In a rare moment of bipartisanship, the U.S. House of Representatives last week agreed on a budget accord that averts another government shutdown. The Senate should set aside its own bitter differences and do the same if it wants to avoid another embarrassing episode of Dysfunction on the Potomac.
In most years, the budget agreement would be no big deal. The House merely agreed on a plan to pay the government’s bills. But this is not most years. In a Congress whose members seemingly can’t agree on the time of day, this represents a major accomplishment.
By any accounting, the House-passed bill is a modest plan. It would eliminate about 61 percent of the senseless sequestration cuts in domestic programs such as education and transportation that were on schedule to deepen next month, adding $31.5 billion over the next two years. Spending would rise to $1.012 trillion from the $967 billion foreseen this year.
To compensate for the $45 billion increase, consumers would pay as much as $5 extra in security fees per airline ticket, plus it slows federal spending in areas involving pensions for federal employees, civilian and military.
It’s not much, but in this season of counting blessings, we’ll count it as a win, if the Senate can agree without making major changes that would rile members of the House.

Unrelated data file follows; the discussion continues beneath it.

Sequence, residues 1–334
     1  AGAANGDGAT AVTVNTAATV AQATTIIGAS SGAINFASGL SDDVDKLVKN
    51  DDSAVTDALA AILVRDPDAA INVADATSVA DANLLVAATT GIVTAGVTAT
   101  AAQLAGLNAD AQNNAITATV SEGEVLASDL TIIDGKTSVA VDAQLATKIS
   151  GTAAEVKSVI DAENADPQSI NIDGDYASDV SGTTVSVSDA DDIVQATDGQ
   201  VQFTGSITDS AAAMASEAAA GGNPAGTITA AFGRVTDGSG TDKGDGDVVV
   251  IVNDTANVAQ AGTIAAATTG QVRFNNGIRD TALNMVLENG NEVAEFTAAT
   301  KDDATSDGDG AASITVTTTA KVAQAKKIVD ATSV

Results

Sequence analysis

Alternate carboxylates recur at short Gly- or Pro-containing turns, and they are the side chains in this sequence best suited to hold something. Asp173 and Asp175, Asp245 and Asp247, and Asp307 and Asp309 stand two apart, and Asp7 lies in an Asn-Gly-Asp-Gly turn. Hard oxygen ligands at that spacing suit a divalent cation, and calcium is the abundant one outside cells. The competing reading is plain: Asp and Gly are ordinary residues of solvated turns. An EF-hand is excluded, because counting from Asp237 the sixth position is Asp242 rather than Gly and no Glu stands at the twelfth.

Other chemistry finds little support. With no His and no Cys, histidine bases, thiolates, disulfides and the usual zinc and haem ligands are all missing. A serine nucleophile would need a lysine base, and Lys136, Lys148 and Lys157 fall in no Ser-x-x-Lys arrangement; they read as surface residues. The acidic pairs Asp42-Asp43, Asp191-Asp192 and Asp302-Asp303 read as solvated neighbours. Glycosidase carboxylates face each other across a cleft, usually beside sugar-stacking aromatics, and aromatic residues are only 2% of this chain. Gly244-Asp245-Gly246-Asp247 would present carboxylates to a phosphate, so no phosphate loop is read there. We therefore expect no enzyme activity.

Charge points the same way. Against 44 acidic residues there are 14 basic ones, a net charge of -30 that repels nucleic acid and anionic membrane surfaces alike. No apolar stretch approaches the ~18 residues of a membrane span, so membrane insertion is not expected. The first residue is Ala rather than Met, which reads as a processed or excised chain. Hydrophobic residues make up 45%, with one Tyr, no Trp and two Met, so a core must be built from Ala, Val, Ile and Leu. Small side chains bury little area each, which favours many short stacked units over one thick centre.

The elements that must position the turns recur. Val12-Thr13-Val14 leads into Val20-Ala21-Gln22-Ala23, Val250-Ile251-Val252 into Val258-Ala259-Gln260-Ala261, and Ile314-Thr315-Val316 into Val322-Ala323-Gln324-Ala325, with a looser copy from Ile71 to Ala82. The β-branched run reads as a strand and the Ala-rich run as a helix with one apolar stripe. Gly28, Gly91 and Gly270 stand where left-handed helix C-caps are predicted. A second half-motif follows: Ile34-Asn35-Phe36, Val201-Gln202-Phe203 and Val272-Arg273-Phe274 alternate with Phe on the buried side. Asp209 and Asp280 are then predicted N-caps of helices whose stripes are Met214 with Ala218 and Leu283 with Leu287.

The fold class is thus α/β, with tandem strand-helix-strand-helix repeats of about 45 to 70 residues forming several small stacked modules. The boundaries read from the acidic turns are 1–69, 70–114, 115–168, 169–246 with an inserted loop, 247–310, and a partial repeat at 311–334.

But voters should be clear on what this package is not: It’s not a thoughtful spending and revenue bill that that controls the long-term causes of rising federal debt like Medicare, Medicaid and Social Security. It’s not a plan to increase revenue by closing loopholes to bring the budget into balance. It’s not a plan to invest in the future by improving our infrastructure or education.
It’s a (probably temporary) cease-fire in the budget wars. Plus, in a particularly mean-spirited gesture, the House delivered a lump of coal to 1.3 million people by failing to extend their jobless benefits, which expire on Jan. 1.
Even so, the most shrill voices on the right condemned the deal because of the spending increase. That prompted Speaker John Boehner to denounce the critics, which he should have done years ago. Right-wing critics are not supporting conservative policy, Mr. Boehner said — they’re just trying to raise money for their own extreme agenda.
Mr. Boehner’s sudden turn against the far right may be the best thing to come out of the bipartisan budget plan. This sensible behavior in the House may not last long, but it’s encouraging to see, even if only for awhile.